We would like to give a special thanks to those of you who recently assisted with recruiting at our partner high schools: Valeria Urbina, Cinthia Manriquez, Ivan Comparan, Josh Wade, Wendi Martinez, Marilyn Cisneros, Ronald Orozco, Blanca Ortiz and Selma Gutierrez. Your presence was greatly appreciated and incredibly valuable. The application for the Class of 2019 is now open, and it is due on February 15. We are excited to meet our next class of Simon Scholars!
 

We would also like to recognize those of you who joined us for our January Retreat to speak about your college journeys: Selma Gutierrez, Jorge Lira, Jonathan Lujan, Ivan Comparan and Andres Sotelo. You all did a wonderful job presenting and facilitating, and your honest, thoughtful reflections were the highlight of our weekend. We are incredibly thankful for our stellar alums who served as staff and also shared aspects of their stories: Alyssa Romero, Ronald Orozco, Marilyn Cisneros, Janeth Santos and Santa Fe Tutor Coordinator Mario Moreno. Thanks for keeping everyone safe out there!
 

We are excited to announce that we have added a new high school partner school this year, New Mexico School for the Arts. NMSA is a statewide charter school for visual and performing arts that is based in Santa Fe. We are certain that these talented  young people will contribute greatly to our community of scholars! We are saddened, however, to announce that we are ending our partnership with West Mesa High School. We are grateful to have had the opportunity to work with so many amazing WMHS scholars over the years.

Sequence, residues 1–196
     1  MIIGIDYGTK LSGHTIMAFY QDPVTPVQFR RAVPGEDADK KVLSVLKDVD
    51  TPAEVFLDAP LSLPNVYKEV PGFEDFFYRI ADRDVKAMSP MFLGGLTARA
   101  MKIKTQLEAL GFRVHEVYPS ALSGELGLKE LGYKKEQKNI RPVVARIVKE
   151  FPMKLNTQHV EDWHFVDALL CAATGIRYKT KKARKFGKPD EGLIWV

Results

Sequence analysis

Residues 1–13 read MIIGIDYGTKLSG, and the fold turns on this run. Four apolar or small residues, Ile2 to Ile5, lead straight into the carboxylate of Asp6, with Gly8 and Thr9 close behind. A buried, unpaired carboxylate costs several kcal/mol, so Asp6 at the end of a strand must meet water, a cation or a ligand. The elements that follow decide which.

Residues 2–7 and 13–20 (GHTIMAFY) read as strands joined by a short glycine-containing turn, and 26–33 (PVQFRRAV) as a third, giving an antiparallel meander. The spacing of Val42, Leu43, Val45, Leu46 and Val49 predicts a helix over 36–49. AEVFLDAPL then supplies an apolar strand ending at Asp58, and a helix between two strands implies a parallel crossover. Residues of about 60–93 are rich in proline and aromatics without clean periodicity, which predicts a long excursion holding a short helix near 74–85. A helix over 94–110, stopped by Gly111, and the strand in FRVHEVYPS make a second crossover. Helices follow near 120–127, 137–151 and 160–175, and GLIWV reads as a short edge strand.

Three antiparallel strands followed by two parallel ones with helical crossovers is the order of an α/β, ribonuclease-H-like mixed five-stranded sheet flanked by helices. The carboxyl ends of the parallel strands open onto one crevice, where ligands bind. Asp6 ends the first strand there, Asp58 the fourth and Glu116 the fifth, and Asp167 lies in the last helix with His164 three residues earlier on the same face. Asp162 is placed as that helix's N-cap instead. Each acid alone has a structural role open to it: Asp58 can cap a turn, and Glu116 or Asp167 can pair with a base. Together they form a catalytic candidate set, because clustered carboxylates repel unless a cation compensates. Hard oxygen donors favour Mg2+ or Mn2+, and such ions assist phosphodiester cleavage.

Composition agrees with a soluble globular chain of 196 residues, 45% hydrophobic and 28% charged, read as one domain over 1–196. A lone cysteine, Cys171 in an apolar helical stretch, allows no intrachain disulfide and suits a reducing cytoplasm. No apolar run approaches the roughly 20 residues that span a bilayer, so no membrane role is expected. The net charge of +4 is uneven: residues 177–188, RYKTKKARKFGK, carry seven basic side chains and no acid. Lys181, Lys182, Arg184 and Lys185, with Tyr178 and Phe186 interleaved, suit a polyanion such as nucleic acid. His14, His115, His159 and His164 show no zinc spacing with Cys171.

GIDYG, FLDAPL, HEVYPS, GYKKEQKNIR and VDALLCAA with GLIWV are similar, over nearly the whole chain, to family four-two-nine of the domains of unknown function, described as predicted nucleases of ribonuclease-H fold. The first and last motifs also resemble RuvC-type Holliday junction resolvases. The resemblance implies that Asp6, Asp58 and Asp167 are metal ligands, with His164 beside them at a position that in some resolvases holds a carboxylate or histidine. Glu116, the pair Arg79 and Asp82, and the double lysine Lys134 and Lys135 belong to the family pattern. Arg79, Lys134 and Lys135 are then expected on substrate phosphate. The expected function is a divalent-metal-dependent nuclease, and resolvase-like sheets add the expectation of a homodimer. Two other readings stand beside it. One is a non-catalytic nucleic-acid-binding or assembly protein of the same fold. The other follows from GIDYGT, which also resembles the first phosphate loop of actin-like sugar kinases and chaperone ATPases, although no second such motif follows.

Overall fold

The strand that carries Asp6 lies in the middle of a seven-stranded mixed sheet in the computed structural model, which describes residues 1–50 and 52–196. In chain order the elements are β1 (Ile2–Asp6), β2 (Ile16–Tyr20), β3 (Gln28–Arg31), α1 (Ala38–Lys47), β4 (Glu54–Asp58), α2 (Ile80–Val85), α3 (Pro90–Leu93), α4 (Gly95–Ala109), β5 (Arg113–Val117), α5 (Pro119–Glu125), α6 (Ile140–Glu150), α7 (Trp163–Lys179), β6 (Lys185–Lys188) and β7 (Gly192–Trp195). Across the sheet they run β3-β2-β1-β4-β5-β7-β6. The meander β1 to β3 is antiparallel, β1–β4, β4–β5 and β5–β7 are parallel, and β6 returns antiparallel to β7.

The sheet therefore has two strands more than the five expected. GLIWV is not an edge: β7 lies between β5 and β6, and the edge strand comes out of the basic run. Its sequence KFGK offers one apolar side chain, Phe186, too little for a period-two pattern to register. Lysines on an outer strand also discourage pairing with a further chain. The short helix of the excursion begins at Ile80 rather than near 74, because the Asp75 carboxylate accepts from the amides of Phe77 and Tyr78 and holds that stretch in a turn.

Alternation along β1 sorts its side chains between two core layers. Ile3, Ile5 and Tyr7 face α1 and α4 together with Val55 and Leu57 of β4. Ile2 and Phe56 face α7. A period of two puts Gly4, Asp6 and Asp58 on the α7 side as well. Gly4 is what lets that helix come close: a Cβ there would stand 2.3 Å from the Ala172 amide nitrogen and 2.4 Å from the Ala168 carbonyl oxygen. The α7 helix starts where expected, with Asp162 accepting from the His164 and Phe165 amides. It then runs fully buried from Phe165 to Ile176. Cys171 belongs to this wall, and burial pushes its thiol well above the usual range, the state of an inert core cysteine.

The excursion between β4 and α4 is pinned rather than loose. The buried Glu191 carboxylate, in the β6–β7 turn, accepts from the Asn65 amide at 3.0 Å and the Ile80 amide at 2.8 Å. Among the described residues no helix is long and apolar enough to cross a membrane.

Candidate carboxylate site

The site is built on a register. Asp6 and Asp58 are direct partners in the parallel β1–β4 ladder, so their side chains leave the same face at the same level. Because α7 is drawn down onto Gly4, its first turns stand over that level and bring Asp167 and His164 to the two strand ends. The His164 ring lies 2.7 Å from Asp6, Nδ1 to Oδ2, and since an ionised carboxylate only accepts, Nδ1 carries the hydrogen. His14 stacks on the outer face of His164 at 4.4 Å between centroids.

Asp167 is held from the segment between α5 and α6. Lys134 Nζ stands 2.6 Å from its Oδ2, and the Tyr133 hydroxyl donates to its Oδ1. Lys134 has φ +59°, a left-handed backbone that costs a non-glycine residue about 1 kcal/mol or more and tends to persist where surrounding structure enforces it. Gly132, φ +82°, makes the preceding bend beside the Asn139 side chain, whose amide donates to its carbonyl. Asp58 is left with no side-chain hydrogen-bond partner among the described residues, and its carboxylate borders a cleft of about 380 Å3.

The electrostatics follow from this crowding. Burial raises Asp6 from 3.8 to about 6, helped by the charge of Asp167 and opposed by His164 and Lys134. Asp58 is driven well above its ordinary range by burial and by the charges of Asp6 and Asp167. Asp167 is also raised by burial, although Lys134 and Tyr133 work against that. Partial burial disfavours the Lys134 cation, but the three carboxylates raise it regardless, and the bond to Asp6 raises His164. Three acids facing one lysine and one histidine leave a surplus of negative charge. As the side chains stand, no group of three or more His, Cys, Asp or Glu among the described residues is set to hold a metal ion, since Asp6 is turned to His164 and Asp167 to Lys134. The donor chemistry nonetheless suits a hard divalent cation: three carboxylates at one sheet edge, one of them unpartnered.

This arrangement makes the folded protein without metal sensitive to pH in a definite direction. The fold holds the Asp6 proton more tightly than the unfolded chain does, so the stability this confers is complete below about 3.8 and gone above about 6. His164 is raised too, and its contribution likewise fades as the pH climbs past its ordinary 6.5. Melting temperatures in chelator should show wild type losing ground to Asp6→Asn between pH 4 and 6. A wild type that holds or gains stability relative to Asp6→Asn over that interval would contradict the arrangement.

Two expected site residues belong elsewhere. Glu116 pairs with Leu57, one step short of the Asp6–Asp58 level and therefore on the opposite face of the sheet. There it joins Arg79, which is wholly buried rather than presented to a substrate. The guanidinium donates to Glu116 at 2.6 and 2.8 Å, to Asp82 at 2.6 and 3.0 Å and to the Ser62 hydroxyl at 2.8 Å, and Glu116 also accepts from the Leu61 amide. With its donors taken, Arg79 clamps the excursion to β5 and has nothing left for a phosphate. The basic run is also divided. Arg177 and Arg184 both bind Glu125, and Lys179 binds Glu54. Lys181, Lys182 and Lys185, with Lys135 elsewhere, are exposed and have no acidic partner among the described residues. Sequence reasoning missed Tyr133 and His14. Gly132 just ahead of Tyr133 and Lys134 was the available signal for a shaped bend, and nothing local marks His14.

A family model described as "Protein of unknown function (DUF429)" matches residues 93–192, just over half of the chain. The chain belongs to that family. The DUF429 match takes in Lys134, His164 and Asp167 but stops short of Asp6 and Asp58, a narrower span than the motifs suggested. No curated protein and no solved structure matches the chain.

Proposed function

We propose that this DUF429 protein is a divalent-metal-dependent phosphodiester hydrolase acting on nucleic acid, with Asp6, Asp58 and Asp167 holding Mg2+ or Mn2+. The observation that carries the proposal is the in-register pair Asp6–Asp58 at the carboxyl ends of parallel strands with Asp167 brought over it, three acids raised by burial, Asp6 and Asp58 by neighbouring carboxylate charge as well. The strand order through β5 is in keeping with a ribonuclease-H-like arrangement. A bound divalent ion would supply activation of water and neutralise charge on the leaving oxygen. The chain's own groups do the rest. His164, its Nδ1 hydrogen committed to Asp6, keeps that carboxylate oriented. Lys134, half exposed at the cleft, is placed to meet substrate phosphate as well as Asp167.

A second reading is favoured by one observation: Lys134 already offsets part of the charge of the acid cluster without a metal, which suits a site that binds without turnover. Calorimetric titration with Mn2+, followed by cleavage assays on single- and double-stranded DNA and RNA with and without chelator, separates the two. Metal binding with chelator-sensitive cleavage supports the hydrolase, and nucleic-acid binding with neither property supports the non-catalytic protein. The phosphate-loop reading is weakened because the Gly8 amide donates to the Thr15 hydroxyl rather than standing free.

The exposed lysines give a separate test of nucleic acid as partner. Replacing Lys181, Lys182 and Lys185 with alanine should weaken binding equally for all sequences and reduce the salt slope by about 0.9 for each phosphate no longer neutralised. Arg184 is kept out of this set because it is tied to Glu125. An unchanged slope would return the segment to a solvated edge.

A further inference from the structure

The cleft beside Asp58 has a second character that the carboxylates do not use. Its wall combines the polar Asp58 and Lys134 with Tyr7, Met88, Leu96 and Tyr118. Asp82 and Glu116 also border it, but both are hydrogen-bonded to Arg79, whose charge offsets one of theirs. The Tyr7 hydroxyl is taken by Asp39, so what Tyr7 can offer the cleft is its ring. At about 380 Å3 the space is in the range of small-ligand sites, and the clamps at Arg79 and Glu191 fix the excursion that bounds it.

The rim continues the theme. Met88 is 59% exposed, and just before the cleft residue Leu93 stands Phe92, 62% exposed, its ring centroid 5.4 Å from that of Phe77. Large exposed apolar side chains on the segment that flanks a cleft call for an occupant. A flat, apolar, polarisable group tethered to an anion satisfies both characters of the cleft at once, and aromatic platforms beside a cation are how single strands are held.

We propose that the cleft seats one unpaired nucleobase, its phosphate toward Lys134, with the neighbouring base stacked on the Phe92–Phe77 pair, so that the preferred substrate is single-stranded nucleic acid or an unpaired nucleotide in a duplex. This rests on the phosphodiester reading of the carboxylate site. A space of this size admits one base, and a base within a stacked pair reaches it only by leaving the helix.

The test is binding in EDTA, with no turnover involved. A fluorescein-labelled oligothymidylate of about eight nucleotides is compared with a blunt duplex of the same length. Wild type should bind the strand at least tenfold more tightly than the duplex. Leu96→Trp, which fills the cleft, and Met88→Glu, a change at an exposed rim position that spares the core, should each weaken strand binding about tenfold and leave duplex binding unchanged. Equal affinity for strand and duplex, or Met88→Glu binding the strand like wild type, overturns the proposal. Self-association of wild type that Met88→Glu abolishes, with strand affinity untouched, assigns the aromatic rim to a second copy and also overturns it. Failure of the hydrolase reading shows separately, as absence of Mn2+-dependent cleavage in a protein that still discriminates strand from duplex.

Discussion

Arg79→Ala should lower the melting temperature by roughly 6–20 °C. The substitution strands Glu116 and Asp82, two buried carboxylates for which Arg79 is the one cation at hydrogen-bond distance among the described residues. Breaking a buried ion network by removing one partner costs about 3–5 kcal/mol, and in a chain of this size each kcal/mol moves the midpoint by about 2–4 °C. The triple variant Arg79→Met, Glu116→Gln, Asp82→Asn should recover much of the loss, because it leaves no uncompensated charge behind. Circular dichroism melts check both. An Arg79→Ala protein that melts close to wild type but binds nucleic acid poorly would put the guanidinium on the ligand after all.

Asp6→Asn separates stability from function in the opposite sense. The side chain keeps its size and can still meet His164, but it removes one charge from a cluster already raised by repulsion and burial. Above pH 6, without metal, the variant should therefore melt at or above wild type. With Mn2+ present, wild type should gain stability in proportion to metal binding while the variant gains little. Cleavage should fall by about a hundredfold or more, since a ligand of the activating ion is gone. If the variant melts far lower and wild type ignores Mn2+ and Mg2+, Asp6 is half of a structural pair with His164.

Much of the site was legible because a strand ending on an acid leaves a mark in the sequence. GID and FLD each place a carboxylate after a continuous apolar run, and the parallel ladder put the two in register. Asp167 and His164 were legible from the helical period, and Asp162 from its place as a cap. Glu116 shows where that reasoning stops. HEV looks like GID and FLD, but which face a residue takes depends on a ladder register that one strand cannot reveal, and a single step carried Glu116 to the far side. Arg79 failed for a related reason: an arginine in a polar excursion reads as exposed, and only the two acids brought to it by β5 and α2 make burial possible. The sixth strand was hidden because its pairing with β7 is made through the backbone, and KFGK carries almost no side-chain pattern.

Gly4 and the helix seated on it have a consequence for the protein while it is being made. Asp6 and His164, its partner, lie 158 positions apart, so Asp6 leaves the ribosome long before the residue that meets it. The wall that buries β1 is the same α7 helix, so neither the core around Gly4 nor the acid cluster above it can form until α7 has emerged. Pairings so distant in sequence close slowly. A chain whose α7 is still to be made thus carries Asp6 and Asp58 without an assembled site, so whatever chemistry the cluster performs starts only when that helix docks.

Website Launch:                                                       

We hope that you have all had the opportunity to check out our new website:  www.nmsimonscholars.org . Over the past year, our team spent considerable time updating the Simon Scholars Program Mission, Vision and Philosophy, and we feel that this new site accurate portrays who we are, what we do, and why this community matters. We are still in the process of adding some content, such as high school scholar bios, and  resources such as summer programs and scholarships. Over the next 6 months, we will reach out to our alumni to gather information for each of your bios as well. Stay tuned!
 

Alumni Advisory Team:
In November, a group of college scholars and alumni gathered at UNM to discuss the current state of affairs with the Scholars Program and offer suggestions about some strategic initiatives moving forward. It became clear that you all have incredible insights and that we, as program staff, would benefit from your involvement in all aspects of programming. It also became clear that there is a strong desire to create a formal Alumni Association to give a greater voice to our alums and to better server ALL scholars, with a stronger emphasis on supporting college scholars.